This means that #S = A_1 \cup A_2 \cup \cdot\cdot\cdot \cup A_n# and #A_i \cap A_j = \varnothing# for each pair of indices #i# and #j#. In this case the tree diagram has #n# branches on the left side rather than #2# branches.

General form of the Law of Total Probability

Let #A_1, ..., A_n# be a partition of the sample space for some experiment.

Then given any event #B# for the same experiment, the general form of the **Law of Total Probability **is:

\[\mathbb{P}(B) = \sum_{i=1}^n \mathbb{P}\big(B\ |\ A_i\big)\mathbb{P}\big(A_i\big)\]

#\text{}#

We might have an experiment that can be thought of as having two stages. At the first stage either event #A# occurs or event #A# does not occur. At the second stage either event #B# occurs or event #B# does not occur.

There can be situations in which you know the outcome of the second stage, and based on that knowledge you would like to know the probability of either outcome of the first stage.

Prior Probability

In other words, based on an *observed **effect,* you might want to know the probability of a proposed *cause*. We call this a **prior probability**.

Suppose we want the prior probability of event #A#, given that we have observed event #B#, i.e., we want:

\[\mathbb{P}(A\ |\ B)\] We know the formula:

\[\mathbb{P}(A\ |\ B) = \cfrac{\mathbb{P}(A \cap B)}{\mathbb{P}(B)}\]

We can use the Law of Total Probability to replace #\mathbb{P}(B)# with #\mathbb{P}(B\ |\ A)\mathbb{P}(A) + \mathbb{P}\big(B\ |\ A^C\big)\mathbb{P}\big(A^C\big)#.

We can also replace the joint probability #\mathbb{P}(A\cap B)# with either #\mathbb{P}(A\ |\ B)\mathbb{P}(B)# or #\mathbb{P}(B\ |\ A)\mathbb{P}(A)#.

But since we are trying to compute #\mathbb{P}(A\ |\ B)# we obviously don't already have that information, so we go with the second option.

Bayes' Rule

This gives the formula for the prior probability of #A# given #B#:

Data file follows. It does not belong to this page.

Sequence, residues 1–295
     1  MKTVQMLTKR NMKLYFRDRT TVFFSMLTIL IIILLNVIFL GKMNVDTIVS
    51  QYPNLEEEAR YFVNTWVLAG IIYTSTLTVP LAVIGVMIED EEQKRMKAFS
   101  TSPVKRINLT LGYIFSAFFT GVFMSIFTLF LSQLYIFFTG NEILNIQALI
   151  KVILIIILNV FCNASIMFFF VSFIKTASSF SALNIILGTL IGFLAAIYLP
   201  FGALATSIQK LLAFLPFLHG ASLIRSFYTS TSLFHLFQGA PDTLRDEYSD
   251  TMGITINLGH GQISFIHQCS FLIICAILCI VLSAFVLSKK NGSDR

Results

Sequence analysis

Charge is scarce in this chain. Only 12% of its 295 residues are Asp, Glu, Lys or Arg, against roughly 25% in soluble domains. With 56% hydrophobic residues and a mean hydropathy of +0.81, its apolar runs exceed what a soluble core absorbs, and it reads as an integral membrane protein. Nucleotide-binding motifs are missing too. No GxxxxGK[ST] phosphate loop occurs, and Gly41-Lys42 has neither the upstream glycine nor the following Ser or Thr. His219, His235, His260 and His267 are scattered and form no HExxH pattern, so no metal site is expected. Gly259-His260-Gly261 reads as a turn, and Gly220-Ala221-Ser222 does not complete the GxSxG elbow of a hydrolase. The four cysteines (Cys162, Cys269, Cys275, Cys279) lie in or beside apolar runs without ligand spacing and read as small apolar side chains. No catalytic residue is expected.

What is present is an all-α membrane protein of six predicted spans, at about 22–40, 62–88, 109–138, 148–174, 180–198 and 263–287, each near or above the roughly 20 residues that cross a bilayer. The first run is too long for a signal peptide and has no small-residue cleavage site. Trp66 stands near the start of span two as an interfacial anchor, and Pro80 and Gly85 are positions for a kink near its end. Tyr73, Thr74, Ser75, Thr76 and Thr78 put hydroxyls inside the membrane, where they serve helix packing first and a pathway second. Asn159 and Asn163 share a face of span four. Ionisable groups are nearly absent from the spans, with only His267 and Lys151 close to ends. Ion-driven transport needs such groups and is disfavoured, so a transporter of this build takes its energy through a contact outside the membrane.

\[\mathbb{P}(A\ |\ B) = \cfrac{\mathbb{P}(B\ |\ A)\mathbb{P}(A)}{\mathbb{P}(B\ |\ A)\mathbb{P}(A) + \mathbb{P}\big(B\ |\ A^C\big)\mathbb{P}\big(A^C\big)}\]

This formula is called **Bayes’ Rule**, named for Thomas Bayes, an English statistician, philosopher and Presbyterian minister from the 18th century.

Generalized Bayes' Rule

We can generalize Bayes’ Rule to the situation in which the entire sample space #S# of an experiment can be partitioned into #n# mutually-exclusive events #A_1,A_2,...,A_n#.

Then the prior probability of event #A_k# given the event #B# has occurred is:

\[\mathbb{P}(A_k\ |\ B) = \cfrac{\mathbb{P}(B\ |\ A_k)\mathbb{P}(A_k)}{\sum^n_{i=1}\mathbb{P}(B\ |\ A_i)\mathbb{P}(A_i)}\]

Suppose #3\%# of passengers who take the ferry from country #U# to country #W# are attempting to smuggle cocaine in their luggage. Dogs at the border are specially trained to detect cocaine in luggage.

If there is indeed cocaine in a bag, there is a probability of #0.90# they will detect it. However, if there is no cocaine in a bag, there is a probability of #0.05# that the dog will mistakenly detect cocaine.

A randomly-selected passenger is checked and the dogs indicate that his luggage contains cocaine. What is the probability that the dogs are correct?

Let #A# denote the event that the passenger's luggage contains cocaine. From the given information we know #\mathbb{P}(A) = 0.03#, since #3\%# of the passengers are smuggling cocaine. Thus #\mathbb{P}\big(A^C\big) = 0.97#.

Let #B# denote the event that the dogs detect cocaine in the luggage. From the given information we know #\mathbb{P}(B\ |\ A) = 0.90# and #\mathbb{P}\big(B\ |\ A^C\big) = 0.05#.

We want to know #\mathbb{P}(A\ |\ B)#. Using Bayes’s Rule:

\[\begin{array}{rcl}

\mathbb{P}(A\ |\ B) &=& \cfrac{\mathbb{P}(B\ |\ A)\mathbb{P}(A)}{\mathbb{P}(B\ |\ A)\mathbb{P}(A) + \mathbb{P}\big(B\ |\ A^C\big)\mathbb{P}\big(A^C\big)} =\cfrac{(0.90)(0.03)}{(0.90)(0.03) + (0.05)(0.97)}\\

&=& \cfrac{0.027}{0.027 + 0.0485} = \cfrac{0.027}{0.0755} \approx 0.358

\end{array}\]

Surprisingly, there is about a #2# out of #3# probability that the dogs are mistaken!

**Pass Your Math**independent of your university. See pricing and more.

Or visit omptest.org if jou are taking an OMPT exam.